As another embodiment of the present invention, each BTS 70 is individually associated with an application module 170. Instead of the serving BSC 150 instructing each BTS to broadcast certain cell data over the respective cell area, each BTS 70 independently stores and broadcasts its own cell data over the associated coverage area. Accordingly, the application module 170 associated with each BTS 70 broadcasts cell data indicative of the current terrestrial condition to all mobile stations currently traveling within the respective coverage area.
Utilizing the retrieved air-interface settings and parameters in accordance with the received cell category data, the mobile station 60 effectuates an air-interface 200 adapted to that particular terrestrial condition. The communicated data are then received by the serving BTS 70 and transported to the serving MSC/VLR 20/30. The MSC/VLR 20/30, for example, then determines a called party terminal and reroutes such received data over a connected Public Switched Telephone Network (PSTN) 210.
FIG. 6 is a block diagram of a mobile station 60 illustrating the adjustment of appropriate parameters and settings in accordance with the received terrestrial condition data. The mobile station 60 is equipped with an antenna 290 suitable for the radio frequencies that are licensed and allocated within the radio spectrum set aside for a particular mobile service. Generally, two radio channels must be allocated to each mobile for duplex operation. One for receiving signals from and the other for transmitting signals toward the serving mobile telecommunications network. Accordingly, a duplex module 280 is associated with the antennas 290. A transmitter modulator 260 is connected to the duplex module 280 for transmitting signals towards the serving base station. Similarly, a receiver demodulator 270 is associated with the duplex 280 for receiving signals transmitted by the serving base station. The transmitter modulator 260 is connected to a transmitter control module 230 for controlling associated attributes while transmitting signals to the serving base station. The transmitter control module 230 is further associated with a speech input device, such as a microphone, for receiving voice data from a subscriber and feeding the data into the transmitter modulator 260. The receiver demodulator 270 is connected to a receiver control module 240 for controlling associated attributes while receiving signals from the serving base station. The receiver control module 240 is further associated with a speech output device 250, such as a speaker, for outputing the received voice data to the associated subscriber.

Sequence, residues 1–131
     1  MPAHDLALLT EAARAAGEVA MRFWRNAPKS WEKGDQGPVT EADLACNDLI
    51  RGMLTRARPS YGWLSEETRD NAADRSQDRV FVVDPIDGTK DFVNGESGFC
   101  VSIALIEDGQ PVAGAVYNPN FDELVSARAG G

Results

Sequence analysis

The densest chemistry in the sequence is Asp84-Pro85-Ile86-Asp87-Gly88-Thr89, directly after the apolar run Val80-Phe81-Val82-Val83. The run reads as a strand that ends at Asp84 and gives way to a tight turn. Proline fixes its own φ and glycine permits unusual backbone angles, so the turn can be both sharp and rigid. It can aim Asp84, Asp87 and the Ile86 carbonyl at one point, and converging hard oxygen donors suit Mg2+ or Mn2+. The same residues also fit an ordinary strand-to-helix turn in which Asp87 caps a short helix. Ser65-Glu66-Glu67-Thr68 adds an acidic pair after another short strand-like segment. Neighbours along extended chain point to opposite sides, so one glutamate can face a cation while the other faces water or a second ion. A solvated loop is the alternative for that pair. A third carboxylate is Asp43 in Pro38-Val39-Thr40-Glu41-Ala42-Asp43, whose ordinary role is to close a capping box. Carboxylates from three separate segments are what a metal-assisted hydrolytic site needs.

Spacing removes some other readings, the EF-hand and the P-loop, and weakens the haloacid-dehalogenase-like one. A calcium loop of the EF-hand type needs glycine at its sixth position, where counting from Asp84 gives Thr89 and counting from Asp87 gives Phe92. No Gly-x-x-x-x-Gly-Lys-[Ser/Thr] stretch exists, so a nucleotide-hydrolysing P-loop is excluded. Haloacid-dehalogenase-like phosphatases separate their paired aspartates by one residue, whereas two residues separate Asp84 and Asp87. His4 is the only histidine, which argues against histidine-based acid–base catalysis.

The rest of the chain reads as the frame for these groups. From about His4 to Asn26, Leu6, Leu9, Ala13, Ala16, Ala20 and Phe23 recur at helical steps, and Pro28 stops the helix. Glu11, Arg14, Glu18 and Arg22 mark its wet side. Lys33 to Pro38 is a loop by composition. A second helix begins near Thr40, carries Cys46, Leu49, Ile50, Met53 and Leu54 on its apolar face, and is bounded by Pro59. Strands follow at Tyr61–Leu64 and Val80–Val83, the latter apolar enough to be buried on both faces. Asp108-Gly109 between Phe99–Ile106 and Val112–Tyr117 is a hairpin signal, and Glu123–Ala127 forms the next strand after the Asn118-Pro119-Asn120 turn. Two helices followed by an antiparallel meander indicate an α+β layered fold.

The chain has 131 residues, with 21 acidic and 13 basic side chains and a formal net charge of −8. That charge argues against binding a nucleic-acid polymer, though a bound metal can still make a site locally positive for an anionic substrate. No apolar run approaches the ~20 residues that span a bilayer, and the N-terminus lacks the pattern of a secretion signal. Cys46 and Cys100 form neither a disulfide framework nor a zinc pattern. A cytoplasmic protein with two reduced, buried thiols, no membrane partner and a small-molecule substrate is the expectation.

In accordance with the teachings of the present invention, an application module 180 is further associated with both the transmitter control module 230 and the receiver control module 240. After receiving control data representing the terrestrial conditions associated with the current service area via the receiver control module 240, the application module 180 determines whether the current settings and parameters being utilized by the transmitter control module 230 and the receiver control module 240 need to be adjusted. In response to an affirmative determination, the application module 180 then retrieves the appropriate values and parameters from an associated register (R) 190. As described above, the register (R) 190 already stores appropriate data for each of the categorized service areas. The application module 180 then instructs the transmitter control module 230 and/or the receiver control module 240 to effectuate an air-interface using the retrieved parameters and settings.
Although preferred embodiments of the method and apparatus of the present invention have been illustrated in the accompanying Drawings and described in the foregoing Detailed Description, it will be understood that the invention is not limited to the embodiments disclosed, but is capable of numerous rearrangements, modifications and substitutions without departing from the spirit of the invention as set forth and defined by the following claims.
|Cited Patent||Filing date||Publication date||Applicant||Title|
|US5056109 *||Nov 7, 1989||Oct 8, 1991||Qualcomm, Inc.||Method and apparatus for controlling transmission power in a cdma cellular mobile telephone system|
|US5097499 *||Aug 22, 1990||Mar 17, 1992||At&T Bell Laboratories||Autonomous registration overload control for cellular mobile radio systems|
|US5257405 *||May 28, 1991||Oct 26, 1993||Rohde & Schwarz Gmbh & Co. Kg||Method and system for setting up LOS-radio communication between mobile or stationary remote stations|
|US5444765 *||Apr 18, 1994||Aug 22, 1995||Kabushiki Kaisha Toshiba||Radio telephone apparatus having a service area confirmation|
|US5590397 *||Dec 6, 1994||Dec 31, 1996||Nec Corporation||Selecting and prioritizing radio telephone systems at radio terminal|
|US5778304 *||Aug 21, 1995||Jul 7, 1998||Motorola, Inc.||Method for providing communication services based on geographic location|